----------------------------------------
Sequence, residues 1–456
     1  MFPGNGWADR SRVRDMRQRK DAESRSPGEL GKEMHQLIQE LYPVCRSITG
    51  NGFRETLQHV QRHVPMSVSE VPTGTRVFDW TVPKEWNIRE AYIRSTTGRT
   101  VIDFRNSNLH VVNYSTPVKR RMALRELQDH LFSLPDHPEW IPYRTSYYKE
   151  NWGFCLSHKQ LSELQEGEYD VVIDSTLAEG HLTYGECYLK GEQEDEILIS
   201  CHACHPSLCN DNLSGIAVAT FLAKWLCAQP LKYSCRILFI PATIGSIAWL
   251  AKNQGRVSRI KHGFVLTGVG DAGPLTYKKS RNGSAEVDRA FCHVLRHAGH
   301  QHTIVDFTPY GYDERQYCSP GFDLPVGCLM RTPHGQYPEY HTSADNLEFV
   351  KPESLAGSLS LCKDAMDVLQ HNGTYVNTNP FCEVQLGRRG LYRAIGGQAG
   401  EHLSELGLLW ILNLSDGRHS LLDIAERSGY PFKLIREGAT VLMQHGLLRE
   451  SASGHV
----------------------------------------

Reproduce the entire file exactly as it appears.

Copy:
Sequence, residues 1–456
     1  MFPGNGWADR SRVRDMRQRK DAESRSPGEL GKEMHQLIQE LYPVCRSITG
    51  NGFRETLQHV QRHVPMSVSE VPTGTRVFDW TVPKEWNIRE AYIRSTTGRT
   101  VIDFRNSNLH VVNYSTPVKR RMALRELQDH LFSLPDHPEW IPYRTSYYKE
   151  NWGFCLSHKQ LSELQEGEYD VVIDSTLAEG HLTYGECYLK GEQEDEILIS
   201  CHACHPSLCN DNLSGIAVAT FLAKWLCAQP LKYSCRILFI PATIGSIAWL
   251  AKNQGRVSRI KHGFVLTGVG DAGPLTYKKS RNGSAEVDRA FCHVLRHAGH
   301  QHTIVDFTPY GYDERQYCSP GFDLPVGCLM RTPHGQYPEY HTSADNLEFV
   351  KPESLAGSLS LCKDAMDVLQ HNGTYVNTNP FCEVQLGRRG LYRAIGGQAG
   401  EHLSELGLLW ILNLSDGRHS LLDIAERSGY PFKLIREGAT VLMQHGLLRE
   451  SASGHV